Policy

Obama Stresses Unity in Aftermath of Baton Rouge Police Shootings

President notes political conventions, asks that rhethoric be kept in check

 President Barack Obama spoke on the shooting of police in Baton Rouge. (Photo By Douglas Graham / CQ Roll Call)

President Barack Obama on Sunday again urged Americans to unite around solutions to end a string of shootings after three Baton Rouge police officers were killed — and he warned the political convention season threatens to make racial tensions even worse.  

After being criticized by some law enforcement officials and advocates in recent weeks, Obama said the country must be “loud and clear” that nothing justifies attacks on law enforcement officers. Such acts are an attack on the rule of law that he says makes American society possible.  

He vowed to provide whatever federal assistance the already stretched Baton Rouge government and police department might need, and he promised “justice will be done.”  

Three officers were killed, another is reportedly fighting for his life in a Louisiana hospital, and three more were wounded. One suspect was shot and killed by police.  

[ GOP Delegation: Louisiana will 'Stand United' After Police Shooting ] “This has happened far too often, and I’ve spent a lot of time with law enforcement this past week,” the president said, then noting his own dependence on Secret Service protection. “I’m surrounded by the best fo the best every single day. I know that whenever this happens … you feel it. I want you to know today is the respect and the gratitude for everything you do for us.”  

The outgoing president seemed worried the political convention season could send tensions in some parts of the country over the brink.  

He reminded the country that “we have our divisions,” and warned the Republican and Democratic conventions routinely produce “political rhetoric” that is “more overheated than usual.”  

[ Let's Not Call Dallas Shootings 'Terrorism' ]      

“And that’s why it’s so important that everyone, regardless of race or political party or profession, regardless of organizations you are a part of, everyone focus on words and actions that can unite this country, rather than divide it further,” said Obama, who in recent days has painted a dismal portrait of the state of relations between some black communities and some predominantly white police departments.  

“We don’t need inflammatory rhetoric, we don’t need careless accusations to score political points or advance an agenda” during this week’s Republican National Convention in Cleveland and next week’s Democratic National Convention in Philadelphia. “We need to temper our words and open our hearts — all of us.”  

The Baton Rouge shooting is but the latest in a growing list of violent incidents that heightened tensions between law enforcement and minority communities. This month, only 17-days-old, has seen black men killed by white police officers in Baton Rouge and Minnesota. Then a black Army veteran killed five cops in Dallas  after a peaceful Black Lives Matter protest.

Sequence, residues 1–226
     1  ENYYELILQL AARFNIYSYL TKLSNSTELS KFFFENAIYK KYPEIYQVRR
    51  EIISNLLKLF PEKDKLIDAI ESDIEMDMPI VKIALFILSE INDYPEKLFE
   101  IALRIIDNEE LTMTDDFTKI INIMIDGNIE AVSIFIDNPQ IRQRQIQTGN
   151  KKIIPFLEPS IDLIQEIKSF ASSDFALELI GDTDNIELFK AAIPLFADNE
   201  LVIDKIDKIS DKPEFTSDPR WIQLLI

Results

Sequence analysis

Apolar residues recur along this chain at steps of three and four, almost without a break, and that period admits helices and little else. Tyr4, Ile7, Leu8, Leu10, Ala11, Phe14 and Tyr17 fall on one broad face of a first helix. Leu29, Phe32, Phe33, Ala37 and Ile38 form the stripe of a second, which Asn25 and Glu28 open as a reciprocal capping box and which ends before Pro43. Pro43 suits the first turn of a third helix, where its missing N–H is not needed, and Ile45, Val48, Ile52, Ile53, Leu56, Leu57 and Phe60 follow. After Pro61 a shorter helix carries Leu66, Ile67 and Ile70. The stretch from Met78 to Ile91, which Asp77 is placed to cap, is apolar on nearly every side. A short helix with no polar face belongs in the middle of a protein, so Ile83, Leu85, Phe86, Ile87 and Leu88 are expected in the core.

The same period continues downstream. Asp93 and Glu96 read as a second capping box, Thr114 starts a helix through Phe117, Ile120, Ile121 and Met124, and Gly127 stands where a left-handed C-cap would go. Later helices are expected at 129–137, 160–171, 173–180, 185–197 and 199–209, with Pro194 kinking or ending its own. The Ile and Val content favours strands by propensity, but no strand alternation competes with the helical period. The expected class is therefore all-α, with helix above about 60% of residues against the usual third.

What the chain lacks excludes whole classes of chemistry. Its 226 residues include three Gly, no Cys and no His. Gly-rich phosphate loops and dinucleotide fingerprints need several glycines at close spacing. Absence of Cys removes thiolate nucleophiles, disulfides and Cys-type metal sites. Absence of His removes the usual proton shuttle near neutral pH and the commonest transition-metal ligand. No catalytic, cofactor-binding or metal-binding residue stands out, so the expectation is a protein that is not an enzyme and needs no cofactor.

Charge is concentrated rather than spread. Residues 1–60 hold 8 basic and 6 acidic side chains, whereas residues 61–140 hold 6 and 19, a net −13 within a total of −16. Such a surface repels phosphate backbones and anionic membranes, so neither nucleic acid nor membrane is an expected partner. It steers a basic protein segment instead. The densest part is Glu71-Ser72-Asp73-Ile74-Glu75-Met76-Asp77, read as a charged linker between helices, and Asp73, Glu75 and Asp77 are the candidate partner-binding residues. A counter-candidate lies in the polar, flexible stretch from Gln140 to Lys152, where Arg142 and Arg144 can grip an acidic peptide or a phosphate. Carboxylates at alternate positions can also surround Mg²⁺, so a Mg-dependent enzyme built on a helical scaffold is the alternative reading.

Rep. Peter King said the events in Baton Rouge increase the security concerns at this week's Republican National Convention. King, a member of the Homeland Security Committee and the Intelligence Committee, declined to discuss the partisan politics of the fatal shooting of the three police and wounding of three others. Donald Trump has made law and order a prominent part of his campaign message.  

Speaking to a CQRC reporter in Cleveland, site of the convention, the New York Republican said the shootings ''Raise security issues here that face the convention itself.''  

Protesters from left wing and right wing fringe groups plan to hold protests. Some, such as the New Black Panther Party, have asked to carry firearms. It could be a volatile mix, he said.  

''There's concern that what happened in Baton Rouge could have an impact here,'' he said.  

[ Can U.S. Heal After Shootings? 'I Don't Know,' Obama Says ]  

The shootings set off a new wave of racial tensions, which could only be intensified by the Sunday shooting. Local police are calling it an ambush, and have identified the dead suspect as 29-year-old Gavin Eugene Long of Missouri. They have not released his race.  

Obama, at a Tuesday memorial service for the slain Dallas police officers, acknowledged his words have been “inadequate ” in ending the violence. Five days later, speaking yet again in the White House briefing room about a mass shooting, said all Americans have a stake in the ongoing violence that brings a number of hot-button issues to the fore: race relations, gun rights, policing tactics and reform, and mental health.  

"It is up to all of us to make sure we are part of the solution and not part of the problem. As someone once wrote, ‘A bullet need only happen once. But for peace to work, we need to be reminded of its existence again and again and again,’" Obama said. "My fellow Americans, only we can prove through words and through deeds that we cannot be divided. And we’re going to have to keep on doing it again and again and again."  

Steven Komarow contributed .  

Contact Bennett at johnbennett@cqrollcall.com. Follow him on Twitter @BennettJohnT.